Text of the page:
Seeds of Dissent The Origins of Anti-Masonry - Part 4 – Post-Revolutionary Resurgence

by Midnight Freemason Emeritus Contributor
Steven L. Harrison, 33°, FMLR

Once the American and French Revolutions were in the rear-view mirror, anti-Masonry again began creeping out into the open. Strong voices, including future president John Quincy Adams (1767-1848), John Robinson (1739-1805), and Reverend Jedidiah Morse (1761-1826), came on the scene to voice their opposition to the Freemasons. 

In 1798, Robinson published a scathing 240-page diatribe with the daunting title, Proofs of a Conspiracy against all the Religions and Governments of Europe, carried on in the secret meetings of Freemasons, Illuminati, and Reading Societies. Morse picked up on the views expressed in Robinson's book, preaching sermons against the Freemasons and Illuminati, claiming they had incited the French Revolution. This prompted George Washington, clarifying the separation between Freemasonry, the Illuminati, and the still-active Jacobites to respond:1

It was not my intention to doubt that, the Doctrines of the Illuminati, and principles of Jacobinism had not spread in the United States. On the contrary, no one is more truly satisfied of this fact than I am. The idea that I meant to convey, was, that I did not believe that the Lodges of Free Masons in this Country had, as Societies, endeavored to propagate the diabolical tenets of the first, or pernicious principles of the latter (if they are susceptible of separation). That Individuals of them may have done it, or that the founder, or instrument employed to found, the Democratic Societies in the United States, may have had these objects; and actually had a separation of the People from their Government in view, is too evident to be questioned.

Still,  a growing segment of the population continued to be wary of the Freemasons. The mystique of the Craft's secret nature gave way, for some, to suspicions and rumors of brewing conspiracies, its gentry-based membership drew accusations of elitism, and objections by organized religion continued.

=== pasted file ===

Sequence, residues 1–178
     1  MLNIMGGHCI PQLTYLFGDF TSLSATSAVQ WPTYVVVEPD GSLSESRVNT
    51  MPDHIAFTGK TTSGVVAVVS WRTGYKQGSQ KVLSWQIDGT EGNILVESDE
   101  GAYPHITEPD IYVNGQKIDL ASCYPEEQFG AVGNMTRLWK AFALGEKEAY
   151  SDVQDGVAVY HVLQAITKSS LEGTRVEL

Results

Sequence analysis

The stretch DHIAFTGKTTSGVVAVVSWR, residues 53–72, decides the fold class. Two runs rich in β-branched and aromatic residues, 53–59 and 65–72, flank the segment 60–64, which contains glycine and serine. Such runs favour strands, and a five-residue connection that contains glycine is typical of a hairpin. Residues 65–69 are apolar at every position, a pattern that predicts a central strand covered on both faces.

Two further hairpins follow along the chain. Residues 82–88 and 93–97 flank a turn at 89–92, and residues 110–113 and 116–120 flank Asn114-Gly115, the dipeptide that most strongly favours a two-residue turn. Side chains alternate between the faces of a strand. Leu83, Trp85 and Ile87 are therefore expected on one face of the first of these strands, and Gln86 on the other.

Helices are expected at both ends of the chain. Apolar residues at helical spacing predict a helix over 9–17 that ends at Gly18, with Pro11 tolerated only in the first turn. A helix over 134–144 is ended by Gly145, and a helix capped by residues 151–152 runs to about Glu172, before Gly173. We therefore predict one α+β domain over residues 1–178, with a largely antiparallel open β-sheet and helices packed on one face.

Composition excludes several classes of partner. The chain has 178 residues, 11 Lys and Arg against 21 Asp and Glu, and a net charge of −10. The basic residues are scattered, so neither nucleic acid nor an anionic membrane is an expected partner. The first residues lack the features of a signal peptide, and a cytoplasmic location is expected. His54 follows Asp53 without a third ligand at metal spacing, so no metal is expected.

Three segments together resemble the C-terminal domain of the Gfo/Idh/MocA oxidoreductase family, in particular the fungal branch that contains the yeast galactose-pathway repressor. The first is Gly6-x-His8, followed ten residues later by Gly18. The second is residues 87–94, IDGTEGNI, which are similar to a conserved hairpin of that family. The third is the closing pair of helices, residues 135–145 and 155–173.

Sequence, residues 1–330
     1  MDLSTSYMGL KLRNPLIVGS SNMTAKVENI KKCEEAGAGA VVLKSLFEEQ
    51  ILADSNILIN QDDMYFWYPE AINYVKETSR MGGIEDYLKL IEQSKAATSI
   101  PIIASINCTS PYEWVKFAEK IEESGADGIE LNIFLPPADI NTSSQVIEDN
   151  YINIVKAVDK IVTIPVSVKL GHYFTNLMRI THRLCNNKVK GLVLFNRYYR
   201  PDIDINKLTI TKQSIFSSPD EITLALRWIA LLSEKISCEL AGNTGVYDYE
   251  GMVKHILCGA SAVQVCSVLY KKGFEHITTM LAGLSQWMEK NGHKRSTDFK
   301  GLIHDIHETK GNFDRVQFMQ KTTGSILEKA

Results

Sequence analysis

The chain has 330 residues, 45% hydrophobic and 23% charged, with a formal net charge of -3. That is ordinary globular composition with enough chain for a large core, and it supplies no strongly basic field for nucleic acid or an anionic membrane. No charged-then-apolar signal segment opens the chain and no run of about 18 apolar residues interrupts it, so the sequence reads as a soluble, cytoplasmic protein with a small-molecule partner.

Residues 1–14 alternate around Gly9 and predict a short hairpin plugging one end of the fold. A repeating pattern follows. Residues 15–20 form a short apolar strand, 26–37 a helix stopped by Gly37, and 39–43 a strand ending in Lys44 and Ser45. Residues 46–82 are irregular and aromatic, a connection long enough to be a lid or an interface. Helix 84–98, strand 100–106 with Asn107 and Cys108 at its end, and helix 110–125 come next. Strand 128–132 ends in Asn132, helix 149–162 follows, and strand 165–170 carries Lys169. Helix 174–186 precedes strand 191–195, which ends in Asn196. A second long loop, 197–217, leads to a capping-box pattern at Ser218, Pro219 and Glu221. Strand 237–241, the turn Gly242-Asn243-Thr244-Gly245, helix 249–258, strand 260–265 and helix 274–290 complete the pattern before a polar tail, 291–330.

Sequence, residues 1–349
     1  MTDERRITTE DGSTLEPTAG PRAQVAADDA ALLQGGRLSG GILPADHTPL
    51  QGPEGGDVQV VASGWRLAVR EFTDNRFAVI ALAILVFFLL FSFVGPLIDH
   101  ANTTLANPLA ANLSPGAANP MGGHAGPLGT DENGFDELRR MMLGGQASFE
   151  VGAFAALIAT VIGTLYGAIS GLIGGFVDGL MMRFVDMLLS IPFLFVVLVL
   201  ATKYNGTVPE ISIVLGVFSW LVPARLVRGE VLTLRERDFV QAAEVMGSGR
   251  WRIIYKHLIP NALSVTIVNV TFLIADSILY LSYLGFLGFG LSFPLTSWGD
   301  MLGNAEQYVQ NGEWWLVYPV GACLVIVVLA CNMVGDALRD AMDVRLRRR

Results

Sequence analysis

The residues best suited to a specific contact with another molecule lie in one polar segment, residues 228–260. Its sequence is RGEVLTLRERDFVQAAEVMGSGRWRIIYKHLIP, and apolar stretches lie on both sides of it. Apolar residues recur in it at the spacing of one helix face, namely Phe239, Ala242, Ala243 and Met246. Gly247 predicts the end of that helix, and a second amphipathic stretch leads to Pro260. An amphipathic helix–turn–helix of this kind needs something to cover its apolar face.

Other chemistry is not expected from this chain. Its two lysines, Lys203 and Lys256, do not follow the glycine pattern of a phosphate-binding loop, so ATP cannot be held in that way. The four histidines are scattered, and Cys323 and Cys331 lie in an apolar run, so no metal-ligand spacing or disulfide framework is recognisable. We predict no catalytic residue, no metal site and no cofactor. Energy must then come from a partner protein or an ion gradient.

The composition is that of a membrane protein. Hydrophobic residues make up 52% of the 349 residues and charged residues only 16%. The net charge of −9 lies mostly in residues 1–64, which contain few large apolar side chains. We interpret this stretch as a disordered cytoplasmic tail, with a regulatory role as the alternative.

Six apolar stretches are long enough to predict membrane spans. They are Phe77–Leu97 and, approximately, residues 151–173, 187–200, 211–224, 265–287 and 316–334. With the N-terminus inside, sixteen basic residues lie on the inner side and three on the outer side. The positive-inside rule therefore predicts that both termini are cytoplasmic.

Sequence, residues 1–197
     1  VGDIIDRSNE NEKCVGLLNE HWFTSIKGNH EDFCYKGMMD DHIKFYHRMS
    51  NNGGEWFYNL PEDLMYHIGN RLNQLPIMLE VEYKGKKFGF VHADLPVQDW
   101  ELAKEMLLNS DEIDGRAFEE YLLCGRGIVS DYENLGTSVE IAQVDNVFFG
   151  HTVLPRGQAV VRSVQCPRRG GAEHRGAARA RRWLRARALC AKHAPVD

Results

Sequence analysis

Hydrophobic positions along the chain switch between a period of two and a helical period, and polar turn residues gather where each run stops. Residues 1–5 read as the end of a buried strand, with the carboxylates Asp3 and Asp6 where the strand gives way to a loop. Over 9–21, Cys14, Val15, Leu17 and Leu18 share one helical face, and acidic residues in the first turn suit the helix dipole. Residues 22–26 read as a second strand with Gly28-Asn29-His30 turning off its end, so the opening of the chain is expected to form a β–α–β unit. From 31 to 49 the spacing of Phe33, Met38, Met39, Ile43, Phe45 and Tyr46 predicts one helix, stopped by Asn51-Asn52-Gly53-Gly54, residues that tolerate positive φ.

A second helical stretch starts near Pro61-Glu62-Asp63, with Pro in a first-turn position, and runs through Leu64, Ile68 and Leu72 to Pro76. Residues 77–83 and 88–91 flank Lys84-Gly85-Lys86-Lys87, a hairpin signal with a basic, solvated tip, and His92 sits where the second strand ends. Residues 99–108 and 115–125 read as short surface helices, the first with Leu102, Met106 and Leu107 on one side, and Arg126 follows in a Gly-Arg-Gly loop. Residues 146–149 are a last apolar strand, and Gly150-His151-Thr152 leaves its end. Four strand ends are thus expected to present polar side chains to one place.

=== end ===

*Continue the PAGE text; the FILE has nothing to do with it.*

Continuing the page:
Within the Catholic Church, anti-Masonry became more intense. In 1739, Cardinal Firrao issued an edict imposing the death penalty for anyone disobeying In eminenti.2 In 1751, Pope Benedict XIV issued Providas Romanorum Pontificum which reaffirmed Clement's bull of 1738, condemning Freemasonry based on its demand for oaths, secrecy, religious ecumenism, and its perceived opposition to the Church and State. In 1821 Pope Pius VII issued Ecclesiam a Jesu Christo, reinforcing opposition to Freemasonry based on its oath-bound secrecy. Leo XII published Quo graviora mala in 1825 condemning Freemasonry as a secret oath-binding society.

The Catholic church has issued many condemnations of Freemasonry since that time. However, after Quo graviora mala in 1825 little additional condemnation was necessary to change public opinion about the Craft. The following year, a man named William Morgan came on the scene and superseded anything the church could have done to turn the tide against the Masons.

Morgan's threats to reveal Masonic secrets and the Freemasons' ill-advised response garnered an anti-Masonic wave that swept the country, led to the formation of the anti-Masonic political party, forced the closing of many lodges, prompted many men to leave and disavow Freemasonry, and changed American history.

1 George Washington to Washington, D.C., Commissioners, October 27, 1798

2 Many arrests were made in Florence, but no death sentences were known to be carried out.


Bro. Steve Harrison, 33° is Past Master of Liberty Lodge #31, Liberty, Missouri. He is also a Fellow and Past Master of the Missouri Lodge of Research. Among his other Masonic memberships is the St. Joseph Missouri Valley of the Scottish Rite, Liberty York Rite bodies, and Moila Shrine. He is also a member and Past Dean of the DeMolay Legion of Honor. Brother Harrison is a regular contributor to the Midnight Freemasons blog as well as several other Masonic publications. Brother Steve was Editor of the Missouri Freemason magazine for a decade and is a regular contributor to the Whence Came You podcast. Born in Indiana, he has a Master's Degree from Indiana University and is retired from a 35-year career in information technology. Steve and his wife Carolyn reside in northwest Missouri. He is the author of dozens of magazine articles and three books: Freemasonry Crosses the Mississippi, Freemasons — Tales From the Craft and Freemasons at Oak Island.

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